Peter V. Brett: A little of both. At first, I sort of made it up as I went along. The first draft of the novel was something that I just sort of wrote as it came to me. But then when I tried to settle that book, it became apparent that it was deeply flawed. There were a lot of problems with it. And I think those problems came from not planning ahead.

     And so after that, I sort of adopted a policy of very strictly planning everything before I write. And so now I write very detailed outlines for everything that I do before I start writing a book. And when I took the book to market to sell, I had finished the first book, I had written about a third of the second book, and had a detailed plan for how that book would go. And then I had very detailed notes about the rest of the series.

     So right from the start when I sold the book, I knew where the series was going. I knew that it would end in five books. And I've been following that plan pretty closely since.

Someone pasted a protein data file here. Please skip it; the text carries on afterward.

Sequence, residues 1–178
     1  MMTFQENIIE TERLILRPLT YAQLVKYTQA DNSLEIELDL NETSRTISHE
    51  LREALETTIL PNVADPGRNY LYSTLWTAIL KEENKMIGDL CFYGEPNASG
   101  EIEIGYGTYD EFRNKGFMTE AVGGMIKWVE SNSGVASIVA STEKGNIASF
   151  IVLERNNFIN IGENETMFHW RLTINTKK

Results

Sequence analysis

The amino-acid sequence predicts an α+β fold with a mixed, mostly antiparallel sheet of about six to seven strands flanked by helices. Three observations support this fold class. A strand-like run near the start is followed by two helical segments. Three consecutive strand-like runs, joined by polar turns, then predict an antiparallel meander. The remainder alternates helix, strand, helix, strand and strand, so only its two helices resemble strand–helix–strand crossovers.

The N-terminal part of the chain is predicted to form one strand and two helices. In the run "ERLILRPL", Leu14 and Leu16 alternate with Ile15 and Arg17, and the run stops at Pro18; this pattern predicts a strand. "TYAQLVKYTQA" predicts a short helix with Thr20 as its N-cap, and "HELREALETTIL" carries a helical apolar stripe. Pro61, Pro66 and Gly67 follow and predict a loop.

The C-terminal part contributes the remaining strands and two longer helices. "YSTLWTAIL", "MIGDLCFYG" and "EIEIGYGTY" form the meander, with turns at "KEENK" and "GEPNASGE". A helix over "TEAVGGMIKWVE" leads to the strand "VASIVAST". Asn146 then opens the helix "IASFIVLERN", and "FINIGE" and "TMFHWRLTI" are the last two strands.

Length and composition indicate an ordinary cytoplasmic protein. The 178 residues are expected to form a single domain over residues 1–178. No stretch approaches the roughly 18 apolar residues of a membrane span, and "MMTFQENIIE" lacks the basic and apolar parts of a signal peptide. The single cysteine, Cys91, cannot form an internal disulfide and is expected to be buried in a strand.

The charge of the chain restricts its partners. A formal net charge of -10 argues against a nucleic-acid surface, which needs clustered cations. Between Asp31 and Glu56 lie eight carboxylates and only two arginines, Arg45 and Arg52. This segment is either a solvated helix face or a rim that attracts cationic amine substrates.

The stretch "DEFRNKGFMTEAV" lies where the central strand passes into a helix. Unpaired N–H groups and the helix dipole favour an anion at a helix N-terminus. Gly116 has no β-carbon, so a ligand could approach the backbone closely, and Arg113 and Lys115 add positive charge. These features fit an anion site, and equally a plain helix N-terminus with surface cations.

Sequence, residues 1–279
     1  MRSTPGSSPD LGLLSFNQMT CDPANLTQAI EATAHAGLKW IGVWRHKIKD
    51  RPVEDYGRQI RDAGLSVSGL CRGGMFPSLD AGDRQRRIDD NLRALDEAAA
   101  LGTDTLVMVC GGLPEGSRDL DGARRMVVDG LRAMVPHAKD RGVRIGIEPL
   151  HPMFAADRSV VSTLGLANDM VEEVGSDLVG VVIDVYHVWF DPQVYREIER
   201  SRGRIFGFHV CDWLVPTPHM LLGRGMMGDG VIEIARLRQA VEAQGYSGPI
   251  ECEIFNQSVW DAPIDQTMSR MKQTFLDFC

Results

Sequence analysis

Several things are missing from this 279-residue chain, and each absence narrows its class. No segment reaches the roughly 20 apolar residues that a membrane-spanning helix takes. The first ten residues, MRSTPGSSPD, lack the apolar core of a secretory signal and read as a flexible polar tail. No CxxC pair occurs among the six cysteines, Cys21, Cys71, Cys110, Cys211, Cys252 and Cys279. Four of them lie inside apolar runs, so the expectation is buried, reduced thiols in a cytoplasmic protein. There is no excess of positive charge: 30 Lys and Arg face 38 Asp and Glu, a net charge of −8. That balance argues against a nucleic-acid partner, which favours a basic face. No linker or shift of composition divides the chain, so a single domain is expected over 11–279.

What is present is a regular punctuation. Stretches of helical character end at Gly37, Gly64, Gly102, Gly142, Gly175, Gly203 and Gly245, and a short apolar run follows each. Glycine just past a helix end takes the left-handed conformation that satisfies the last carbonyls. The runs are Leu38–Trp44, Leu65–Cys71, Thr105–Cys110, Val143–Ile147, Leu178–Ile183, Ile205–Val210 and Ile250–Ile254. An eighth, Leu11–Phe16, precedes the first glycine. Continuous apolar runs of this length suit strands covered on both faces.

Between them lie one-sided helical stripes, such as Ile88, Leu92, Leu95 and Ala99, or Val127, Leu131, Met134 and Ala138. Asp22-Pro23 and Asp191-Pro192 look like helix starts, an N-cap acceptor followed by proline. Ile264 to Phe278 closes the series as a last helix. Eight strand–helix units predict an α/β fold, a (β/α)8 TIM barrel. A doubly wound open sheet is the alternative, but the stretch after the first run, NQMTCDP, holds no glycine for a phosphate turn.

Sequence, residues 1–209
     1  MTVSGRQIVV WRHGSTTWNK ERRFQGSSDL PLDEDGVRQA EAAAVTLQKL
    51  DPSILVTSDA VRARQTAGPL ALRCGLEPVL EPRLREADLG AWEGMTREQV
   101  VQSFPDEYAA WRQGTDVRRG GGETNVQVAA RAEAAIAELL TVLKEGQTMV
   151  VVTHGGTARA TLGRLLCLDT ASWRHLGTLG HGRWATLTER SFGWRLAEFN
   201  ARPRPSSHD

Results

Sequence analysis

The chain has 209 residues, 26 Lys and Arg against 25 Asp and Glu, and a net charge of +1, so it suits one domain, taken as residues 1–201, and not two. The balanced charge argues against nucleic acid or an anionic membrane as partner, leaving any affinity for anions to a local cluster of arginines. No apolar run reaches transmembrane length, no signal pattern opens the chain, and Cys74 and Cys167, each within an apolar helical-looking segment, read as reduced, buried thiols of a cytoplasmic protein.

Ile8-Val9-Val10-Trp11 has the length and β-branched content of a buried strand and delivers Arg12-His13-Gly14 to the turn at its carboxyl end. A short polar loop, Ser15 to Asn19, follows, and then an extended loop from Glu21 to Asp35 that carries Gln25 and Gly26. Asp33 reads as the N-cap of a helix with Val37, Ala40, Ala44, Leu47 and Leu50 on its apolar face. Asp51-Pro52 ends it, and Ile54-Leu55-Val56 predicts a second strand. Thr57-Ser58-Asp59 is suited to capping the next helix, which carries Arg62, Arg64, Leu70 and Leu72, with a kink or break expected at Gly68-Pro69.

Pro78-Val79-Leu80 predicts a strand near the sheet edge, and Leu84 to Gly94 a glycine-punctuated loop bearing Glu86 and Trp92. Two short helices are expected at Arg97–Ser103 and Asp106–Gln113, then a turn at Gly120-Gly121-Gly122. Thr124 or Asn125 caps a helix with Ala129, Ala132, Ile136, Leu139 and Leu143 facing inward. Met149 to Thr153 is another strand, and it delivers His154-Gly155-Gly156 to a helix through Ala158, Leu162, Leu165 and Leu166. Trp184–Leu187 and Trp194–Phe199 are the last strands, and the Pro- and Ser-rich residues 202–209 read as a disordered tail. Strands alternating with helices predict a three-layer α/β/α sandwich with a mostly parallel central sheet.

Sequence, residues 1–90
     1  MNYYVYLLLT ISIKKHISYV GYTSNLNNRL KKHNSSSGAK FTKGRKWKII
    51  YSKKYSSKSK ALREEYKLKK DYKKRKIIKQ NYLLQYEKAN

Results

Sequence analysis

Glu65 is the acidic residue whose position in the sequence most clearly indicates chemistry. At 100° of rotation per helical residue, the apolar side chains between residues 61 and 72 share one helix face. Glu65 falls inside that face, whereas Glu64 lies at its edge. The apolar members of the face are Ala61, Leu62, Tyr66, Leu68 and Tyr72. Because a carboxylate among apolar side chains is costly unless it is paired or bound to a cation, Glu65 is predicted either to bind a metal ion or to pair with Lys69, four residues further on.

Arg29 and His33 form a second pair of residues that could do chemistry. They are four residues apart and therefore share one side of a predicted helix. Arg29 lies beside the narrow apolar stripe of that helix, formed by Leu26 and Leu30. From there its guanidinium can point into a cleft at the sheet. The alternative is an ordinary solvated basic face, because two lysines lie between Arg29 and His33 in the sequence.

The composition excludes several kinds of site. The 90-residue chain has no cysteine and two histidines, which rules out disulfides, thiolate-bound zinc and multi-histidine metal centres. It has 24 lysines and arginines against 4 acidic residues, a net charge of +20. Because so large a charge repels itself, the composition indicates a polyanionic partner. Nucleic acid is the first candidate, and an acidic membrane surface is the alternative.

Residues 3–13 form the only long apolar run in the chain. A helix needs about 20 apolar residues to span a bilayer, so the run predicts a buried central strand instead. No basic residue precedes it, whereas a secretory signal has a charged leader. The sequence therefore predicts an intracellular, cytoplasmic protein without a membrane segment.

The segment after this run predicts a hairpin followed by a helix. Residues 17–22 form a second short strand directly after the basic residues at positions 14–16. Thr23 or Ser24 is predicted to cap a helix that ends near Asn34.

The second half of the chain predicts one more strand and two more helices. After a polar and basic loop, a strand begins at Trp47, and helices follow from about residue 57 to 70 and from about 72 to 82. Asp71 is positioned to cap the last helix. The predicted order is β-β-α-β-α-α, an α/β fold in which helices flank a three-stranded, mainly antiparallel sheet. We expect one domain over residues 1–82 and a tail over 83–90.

H.H.: Interesting. I shortly went over the reviews. For the fourth one, I read a couple which did not like the way number three it is ending. They say it's just like there was an end in book number three, and now it's trying to expand. What do you think about this?

Peter V. Brett: Book three did have a very suspenseful ending. This is something that, when you're writing a big series like I'm doing, like I really consider it to be one big story. And so I kind of knew that people were going to continue to read on. And I like the idea of ending things with a big of a question mark to leave people excited for the next book.

     Some people I think were a little upset about it. But I think more people were drawn in by that and were excited by it. And I didn't keep the secret for too long. About nine months after the book came out, I posted the first chapter of the following book on my website, and that sort of gave away the secret.

     So people didn't have to wait that long for it. But I think it's something that helps hold interest.

H.H.: Okay. So talking about you as a person, was writing books always your idea, or how did you come to writing books?